Benjamin Studebaker

Yet Another Attempt to Make the World a Better Place by Writing Things

Tag: Islamophobia

Why Abdul El-Sayed Lost

Abdul El-Sayed ran on a left-wing platform, but lost his bid for the democratic nomination for Governor of Michigan by more the 20 points. There are some who will argue that El-Sayed’s loss signifies a lack of popularity for left-wing politics, but El-Sayed lost for contingent reasons.

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Hillary Clinton Started the Whole “Obama is a Muslim” Thing

Over the last week, republican candidates Donald Trump and Ben Carson have been taking a lot of heat–Trump for refusing to deny that Obama is a Muslim foreigner, Carson for explicitly stating that Muslims should not be president. We’ll discuss what both of them said, but I want to remind everyone of something we seem to have forgotten–it was Hillary Clinton who started this, and any person who supports Clinton while criticizing Trump or Carson is at best deeply ignorant of Clinton’s past and at worst a naked hypocrite.

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How We Should Deal with the Charlie Hebdo Attack

As most of you probably know by now, terrorists in Paris shot up the offices of the French satirical magazine Charlie Hebdo earlier this week, killing 12 people. Charlie Hebdo is known for publishing provocative cartoons. Some of these cartoons mocked the prophet Muhammad, and this earned the magazine the enmity of reactionaries within Islam. Before we think about emotionally charged events like this, it often helps to think about how we should think about them. To get the objective distance we need from events to analyze them with the most fairness and impartiality we can manage, a little temporal distance can be useful. Over the last few days, I’ve been digesting a variety of visceral, emotive reactions from people across the political spectrum. In most of the think pieces I’ve read and discussions I’ve seen and participated in, there has consistently seemed to be something missing, and today I’m ready to identify that something.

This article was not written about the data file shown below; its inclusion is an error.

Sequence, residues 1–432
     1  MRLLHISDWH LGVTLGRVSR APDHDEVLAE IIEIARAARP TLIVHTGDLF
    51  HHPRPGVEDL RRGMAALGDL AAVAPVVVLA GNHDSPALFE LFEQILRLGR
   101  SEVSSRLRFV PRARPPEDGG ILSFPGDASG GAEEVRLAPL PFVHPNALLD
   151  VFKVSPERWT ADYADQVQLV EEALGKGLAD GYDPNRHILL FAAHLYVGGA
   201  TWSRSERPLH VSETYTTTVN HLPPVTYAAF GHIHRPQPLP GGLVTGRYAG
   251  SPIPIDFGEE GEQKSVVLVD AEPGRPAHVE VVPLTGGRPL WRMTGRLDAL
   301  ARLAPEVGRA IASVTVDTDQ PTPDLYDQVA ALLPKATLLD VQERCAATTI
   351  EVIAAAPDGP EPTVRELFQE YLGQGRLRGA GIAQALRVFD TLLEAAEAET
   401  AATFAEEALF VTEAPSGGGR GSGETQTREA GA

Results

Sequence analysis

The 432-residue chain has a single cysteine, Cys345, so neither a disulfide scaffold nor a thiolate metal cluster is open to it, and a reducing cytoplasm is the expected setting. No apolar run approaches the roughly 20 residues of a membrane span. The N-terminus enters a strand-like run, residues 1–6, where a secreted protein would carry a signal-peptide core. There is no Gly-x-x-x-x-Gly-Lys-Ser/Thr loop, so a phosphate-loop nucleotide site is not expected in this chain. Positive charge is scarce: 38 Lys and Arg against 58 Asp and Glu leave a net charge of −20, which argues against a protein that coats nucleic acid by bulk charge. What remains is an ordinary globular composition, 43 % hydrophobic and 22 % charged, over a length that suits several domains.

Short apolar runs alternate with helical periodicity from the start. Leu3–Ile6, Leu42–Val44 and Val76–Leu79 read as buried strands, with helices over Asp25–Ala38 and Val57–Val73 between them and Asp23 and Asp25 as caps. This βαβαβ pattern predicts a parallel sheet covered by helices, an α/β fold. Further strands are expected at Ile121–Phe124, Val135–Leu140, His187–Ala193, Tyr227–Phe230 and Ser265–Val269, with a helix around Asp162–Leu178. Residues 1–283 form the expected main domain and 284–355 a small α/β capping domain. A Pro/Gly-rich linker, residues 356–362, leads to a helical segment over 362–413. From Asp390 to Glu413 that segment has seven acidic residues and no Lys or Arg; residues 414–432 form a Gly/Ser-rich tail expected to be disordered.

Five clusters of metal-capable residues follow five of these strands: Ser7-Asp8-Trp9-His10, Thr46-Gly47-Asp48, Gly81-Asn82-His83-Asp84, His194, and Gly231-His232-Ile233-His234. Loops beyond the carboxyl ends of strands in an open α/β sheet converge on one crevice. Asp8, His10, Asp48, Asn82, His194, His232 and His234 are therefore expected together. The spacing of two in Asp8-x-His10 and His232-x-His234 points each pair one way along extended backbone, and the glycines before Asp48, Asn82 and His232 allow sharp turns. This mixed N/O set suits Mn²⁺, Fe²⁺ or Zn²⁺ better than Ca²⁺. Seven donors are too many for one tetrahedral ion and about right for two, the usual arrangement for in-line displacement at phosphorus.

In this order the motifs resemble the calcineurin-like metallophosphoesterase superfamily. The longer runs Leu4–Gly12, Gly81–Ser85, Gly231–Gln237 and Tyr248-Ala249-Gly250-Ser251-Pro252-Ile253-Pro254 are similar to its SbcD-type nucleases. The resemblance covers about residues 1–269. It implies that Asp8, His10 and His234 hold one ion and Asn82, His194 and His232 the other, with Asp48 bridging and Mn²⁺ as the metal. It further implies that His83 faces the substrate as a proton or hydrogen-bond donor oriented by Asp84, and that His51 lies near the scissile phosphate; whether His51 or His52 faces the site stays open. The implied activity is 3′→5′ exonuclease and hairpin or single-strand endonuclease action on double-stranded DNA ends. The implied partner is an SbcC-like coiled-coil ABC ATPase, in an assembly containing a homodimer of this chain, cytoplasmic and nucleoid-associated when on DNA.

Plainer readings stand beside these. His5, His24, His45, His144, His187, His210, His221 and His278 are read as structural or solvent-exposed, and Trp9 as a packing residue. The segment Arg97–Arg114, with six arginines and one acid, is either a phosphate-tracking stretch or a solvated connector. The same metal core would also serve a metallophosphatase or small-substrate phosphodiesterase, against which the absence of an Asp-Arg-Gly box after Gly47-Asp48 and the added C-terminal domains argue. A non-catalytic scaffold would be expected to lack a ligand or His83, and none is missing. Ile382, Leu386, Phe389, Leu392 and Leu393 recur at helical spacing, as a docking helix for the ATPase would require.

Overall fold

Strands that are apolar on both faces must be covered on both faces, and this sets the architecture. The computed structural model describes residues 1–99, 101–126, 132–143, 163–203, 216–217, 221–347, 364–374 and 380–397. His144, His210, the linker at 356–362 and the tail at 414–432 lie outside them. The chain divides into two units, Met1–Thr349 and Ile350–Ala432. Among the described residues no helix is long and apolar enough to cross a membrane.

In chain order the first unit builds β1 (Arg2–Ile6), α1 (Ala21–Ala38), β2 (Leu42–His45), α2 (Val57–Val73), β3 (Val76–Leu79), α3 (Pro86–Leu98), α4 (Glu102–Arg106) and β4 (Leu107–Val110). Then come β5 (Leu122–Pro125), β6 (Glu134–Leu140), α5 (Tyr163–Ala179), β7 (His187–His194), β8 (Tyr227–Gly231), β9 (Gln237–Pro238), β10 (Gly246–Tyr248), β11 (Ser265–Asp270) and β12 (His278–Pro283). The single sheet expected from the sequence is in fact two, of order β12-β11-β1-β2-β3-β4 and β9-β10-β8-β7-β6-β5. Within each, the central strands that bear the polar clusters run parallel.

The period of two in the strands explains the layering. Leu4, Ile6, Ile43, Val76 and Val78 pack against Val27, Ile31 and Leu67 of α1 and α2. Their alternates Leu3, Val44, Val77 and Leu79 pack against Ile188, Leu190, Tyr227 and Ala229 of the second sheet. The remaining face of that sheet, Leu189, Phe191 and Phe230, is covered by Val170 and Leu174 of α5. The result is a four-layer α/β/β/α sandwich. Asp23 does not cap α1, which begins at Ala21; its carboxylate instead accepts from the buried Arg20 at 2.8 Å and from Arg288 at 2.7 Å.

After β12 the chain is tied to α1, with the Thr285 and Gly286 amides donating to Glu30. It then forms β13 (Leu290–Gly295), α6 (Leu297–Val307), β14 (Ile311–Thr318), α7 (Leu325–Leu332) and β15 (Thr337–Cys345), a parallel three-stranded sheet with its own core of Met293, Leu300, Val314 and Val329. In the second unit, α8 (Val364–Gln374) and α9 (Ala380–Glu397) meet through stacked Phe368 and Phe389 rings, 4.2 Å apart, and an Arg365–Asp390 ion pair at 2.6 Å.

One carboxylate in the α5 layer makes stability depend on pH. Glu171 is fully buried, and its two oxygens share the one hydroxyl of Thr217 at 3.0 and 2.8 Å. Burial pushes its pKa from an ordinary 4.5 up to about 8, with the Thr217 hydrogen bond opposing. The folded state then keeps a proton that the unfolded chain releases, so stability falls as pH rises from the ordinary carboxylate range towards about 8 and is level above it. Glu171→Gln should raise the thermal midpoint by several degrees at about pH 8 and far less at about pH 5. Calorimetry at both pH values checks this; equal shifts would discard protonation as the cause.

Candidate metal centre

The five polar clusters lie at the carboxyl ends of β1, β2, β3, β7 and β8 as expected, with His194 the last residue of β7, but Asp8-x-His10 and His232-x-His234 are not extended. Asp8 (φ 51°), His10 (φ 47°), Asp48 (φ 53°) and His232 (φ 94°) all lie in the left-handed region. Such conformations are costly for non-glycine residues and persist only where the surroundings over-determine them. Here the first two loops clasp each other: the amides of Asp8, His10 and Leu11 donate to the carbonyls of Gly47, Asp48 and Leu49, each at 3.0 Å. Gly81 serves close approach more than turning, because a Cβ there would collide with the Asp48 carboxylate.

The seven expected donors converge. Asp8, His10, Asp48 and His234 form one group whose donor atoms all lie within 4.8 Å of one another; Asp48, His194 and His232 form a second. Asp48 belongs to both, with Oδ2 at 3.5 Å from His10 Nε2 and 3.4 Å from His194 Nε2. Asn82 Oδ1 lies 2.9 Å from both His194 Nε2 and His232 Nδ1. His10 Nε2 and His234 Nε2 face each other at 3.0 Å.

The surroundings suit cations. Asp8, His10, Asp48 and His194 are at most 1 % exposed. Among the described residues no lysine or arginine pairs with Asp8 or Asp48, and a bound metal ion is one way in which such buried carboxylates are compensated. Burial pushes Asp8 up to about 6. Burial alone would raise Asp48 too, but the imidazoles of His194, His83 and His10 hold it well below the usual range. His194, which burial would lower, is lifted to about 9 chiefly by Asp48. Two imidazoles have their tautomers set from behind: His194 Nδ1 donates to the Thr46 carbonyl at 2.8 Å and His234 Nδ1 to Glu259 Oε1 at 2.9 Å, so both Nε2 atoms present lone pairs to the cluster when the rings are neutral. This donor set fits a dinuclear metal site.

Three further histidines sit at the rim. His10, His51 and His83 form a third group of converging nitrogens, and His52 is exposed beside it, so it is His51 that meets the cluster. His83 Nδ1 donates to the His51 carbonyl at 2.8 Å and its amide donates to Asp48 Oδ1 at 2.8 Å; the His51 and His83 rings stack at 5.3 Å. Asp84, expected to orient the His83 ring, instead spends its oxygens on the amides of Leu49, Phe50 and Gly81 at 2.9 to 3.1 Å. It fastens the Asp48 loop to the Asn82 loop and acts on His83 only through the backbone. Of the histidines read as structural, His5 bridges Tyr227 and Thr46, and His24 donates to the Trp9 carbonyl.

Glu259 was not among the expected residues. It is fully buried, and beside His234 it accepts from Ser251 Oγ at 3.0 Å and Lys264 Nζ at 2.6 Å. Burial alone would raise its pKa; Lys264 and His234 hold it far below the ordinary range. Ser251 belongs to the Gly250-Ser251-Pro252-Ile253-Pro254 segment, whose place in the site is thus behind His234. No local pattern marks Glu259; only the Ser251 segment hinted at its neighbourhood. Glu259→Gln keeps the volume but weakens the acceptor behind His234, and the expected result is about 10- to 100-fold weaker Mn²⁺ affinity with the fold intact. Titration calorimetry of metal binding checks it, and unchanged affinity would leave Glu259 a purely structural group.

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Erdogan and Zionism

Turkish Prime Minister Recep Tayyip Erdogan recently said this in a UN address against racism and discrimination:

In addition to indifference vis-à-vis the Muslim countries, we also see harsh, offending, insulting behavior towards Muslims who live in countries other than their own, and this continues to be an unconscionable act that has been ongoing around the world.

We should be striving to better understand the beliefs of others but instead we see that people act based on prejudice and exclude others and despise them. And that is why it is necessary that we must consider — just like Zionism or anti-Semitism or fascism — Islamophobia as a crime against humanity.

This has managed to infuriate, among others, US Secretary of State John Kerry, Israeli Prime Minister Benjamin Netanyahu, and UN Secretary General Ban Ki-Moon. So the question of the day is whether Erdogan is correct in characterising Zionism as politically similar to anti-Semitism, fascism, and Islamophobia, or whether, in falsely equating Zionism to these other things, he is himself guilty of anti-Semitism as his critics suggest. Let’s have a look.

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